January 9, 2017 | JOHN RAY
Last summer, my friend Teresa was shopping for decorations for a wedding rehearsal dinner.
The groom was a history buff who liked books, so she headed down to Dickson Street Bookshop,
a favorite haunt for Jane and I when we were young and broke. It was there where she
loaded up discard-bin hardbacks to create tablescapes as decoration for the dinner.
She picked up a big box-load of tomes with historic-sounding titles and
the right color bindings for a few bucks apiece.
After the nuptials were over and the decor packed away, the question then became what to do with all the books. On a whim, she started to see what each volume was fetching on eBay. Turns out she paid about about what they were worth.
A dollar here, twenty-five cents there, ten bucks there. Then she typed in “Lenin’s Select Works” and up pops her exact book, selling for $2400. A bit more than the $6.95 she paid for it.
All of a sudden, this one book stood out from the rest.
When Isaiah (53:2) was prophesying about the coming Messiah, he noted,
“He grew up before him like a tender shoot, and like a root out of dry ground. He had no beauty
or majesty to attract us to him, nothing in his appearance that we should desire him.”
For those standing on the banks of the river Jordan the day Jesus was baptized, it must have come as something of a shock when this exceedingly ordinary-looking guy, a person indistinguishable from the massive crowd, had the Holy Spirit descend on him like a dove, and a booming voice from heaven began making grand pronouncements.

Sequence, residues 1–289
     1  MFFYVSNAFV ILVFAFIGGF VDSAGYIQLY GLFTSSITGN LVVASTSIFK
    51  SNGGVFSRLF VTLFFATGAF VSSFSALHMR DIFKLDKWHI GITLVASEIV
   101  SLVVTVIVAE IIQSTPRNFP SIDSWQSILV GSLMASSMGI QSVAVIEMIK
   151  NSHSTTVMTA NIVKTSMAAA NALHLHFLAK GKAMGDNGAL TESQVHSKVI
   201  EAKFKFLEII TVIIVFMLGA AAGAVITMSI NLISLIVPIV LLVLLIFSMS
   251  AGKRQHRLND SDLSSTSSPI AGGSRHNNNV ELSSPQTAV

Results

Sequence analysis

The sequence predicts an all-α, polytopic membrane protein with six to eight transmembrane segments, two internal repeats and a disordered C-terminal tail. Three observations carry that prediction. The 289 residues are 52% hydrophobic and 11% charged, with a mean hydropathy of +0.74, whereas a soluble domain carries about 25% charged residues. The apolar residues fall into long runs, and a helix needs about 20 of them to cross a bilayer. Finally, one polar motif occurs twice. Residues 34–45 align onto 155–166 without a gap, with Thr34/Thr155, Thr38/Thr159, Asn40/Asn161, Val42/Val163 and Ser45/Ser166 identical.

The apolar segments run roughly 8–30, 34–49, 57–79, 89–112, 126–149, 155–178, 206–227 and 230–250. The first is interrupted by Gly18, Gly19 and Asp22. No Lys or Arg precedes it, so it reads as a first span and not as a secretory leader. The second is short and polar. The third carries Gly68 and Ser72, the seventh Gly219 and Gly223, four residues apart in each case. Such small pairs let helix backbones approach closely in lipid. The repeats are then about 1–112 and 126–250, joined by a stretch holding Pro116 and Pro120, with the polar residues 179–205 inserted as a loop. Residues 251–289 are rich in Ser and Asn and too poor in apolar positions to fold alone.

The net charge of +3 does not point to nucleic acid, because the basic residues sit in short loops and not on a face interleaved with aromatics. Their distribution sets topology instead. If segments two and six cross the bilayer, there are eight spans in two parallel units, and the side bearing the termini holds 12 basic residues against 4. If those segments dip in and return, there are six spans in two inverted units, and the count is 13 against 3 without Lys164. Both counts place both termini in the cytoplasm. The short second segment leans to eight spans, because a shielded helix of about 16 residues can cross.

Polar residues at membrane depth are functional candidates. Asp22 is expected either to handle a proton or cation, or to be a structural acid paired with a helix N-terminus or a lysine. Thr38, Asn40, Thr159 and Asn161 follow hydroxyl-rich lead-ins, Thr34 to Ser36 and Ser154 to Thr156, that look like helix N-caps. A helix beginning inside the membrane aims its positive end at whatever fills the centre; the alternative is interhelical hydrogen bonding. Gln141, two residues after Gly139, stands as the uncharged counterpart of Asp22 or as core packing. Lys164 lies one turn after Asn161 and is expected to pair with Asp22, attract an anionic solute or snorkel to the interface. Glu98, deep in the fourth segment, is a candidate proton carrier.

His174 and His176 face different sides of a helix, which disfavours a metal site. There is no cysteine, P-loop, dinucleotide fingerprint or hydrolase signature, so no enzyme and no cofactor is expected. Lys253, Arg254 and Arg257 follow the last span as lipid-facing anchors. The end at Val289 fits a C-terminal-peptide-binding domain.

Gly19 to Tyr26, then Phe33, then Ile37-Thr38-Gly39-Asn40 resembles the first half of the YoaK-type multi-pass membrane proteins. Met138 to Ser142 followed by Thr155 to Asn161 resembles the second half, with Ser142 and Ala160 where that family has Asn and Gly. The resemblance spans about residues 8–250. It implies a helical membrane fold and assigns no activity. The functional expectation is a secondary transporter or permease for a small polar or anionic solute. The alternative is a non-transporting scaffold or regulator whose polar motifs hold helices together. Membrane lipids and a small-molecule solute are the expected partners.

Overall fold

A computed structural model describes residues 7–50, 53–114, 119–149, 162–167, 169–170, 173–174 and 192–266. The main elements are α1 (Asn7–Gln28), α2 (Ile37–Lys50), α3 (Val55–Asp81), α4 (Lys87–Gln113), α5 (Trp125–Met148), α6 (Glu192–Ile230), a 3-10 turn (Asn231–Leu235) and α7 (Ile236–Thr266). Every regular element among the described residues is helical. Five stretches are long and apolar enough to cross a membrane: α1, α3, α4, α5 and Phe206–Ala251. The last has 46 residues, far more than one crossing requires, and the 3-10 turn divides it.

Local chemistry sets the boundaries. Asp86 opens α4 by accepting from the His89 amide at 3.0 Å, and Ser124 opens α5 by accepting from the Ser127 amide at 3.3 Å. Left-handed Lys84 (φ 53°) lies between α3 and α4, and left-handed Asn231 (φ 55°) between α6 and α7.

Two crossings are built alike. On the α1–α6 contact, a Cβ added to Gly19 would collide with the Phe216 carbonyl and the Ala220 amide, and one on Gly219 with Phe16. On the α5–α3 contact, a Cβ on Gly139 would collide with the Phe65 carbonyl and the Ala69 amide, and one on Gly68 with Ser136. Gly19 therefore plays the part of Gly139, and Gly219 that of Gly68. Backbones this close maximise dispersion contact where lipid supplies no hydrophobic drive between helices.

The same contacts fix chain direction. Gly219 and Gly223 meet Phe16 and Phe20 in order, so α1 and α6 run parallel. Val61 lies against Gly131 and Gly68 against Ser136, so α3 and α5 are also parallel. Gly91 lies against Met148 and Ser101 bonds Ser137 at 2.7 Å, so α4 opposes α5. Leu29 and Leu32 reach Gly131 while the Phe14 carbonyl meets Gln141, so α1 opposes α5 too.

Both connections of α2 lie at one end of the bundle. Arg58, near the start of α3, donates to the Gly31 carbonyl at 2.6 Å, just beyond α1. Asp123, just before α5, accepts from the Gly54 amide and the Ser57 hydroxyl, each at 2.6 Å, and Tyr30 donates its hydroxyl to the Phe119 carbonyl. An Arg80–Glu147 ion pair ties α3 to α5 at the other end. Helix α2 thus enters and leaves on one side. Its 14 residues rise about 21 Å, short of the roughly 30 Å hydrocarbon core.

All of a sudden, this one man stood out from the rest.
But what does that mean for us? I would suggest that it means a lot.
In this one scene, we see the dynamic coming together of God and humanity, of the Trinity, of history. Through it all the true “value” of Jesus is revealed. He is a human, but a very different kind of human. It also means that while I am unique, I am part of this great leveling of humanity that the incarnation creates.
Take time to watch the following Video
Also, take time to look back over chapters 1-5 in the Attentive Life before our gathering this coming Sunday.
As you do, consider the following,
How has your practice of attentiveness and prayer changed?
What longings are you experiencing; good, bad or indifferent?
Finally, take a look at the following as a possible group road trip.
Grace and peace, y’all,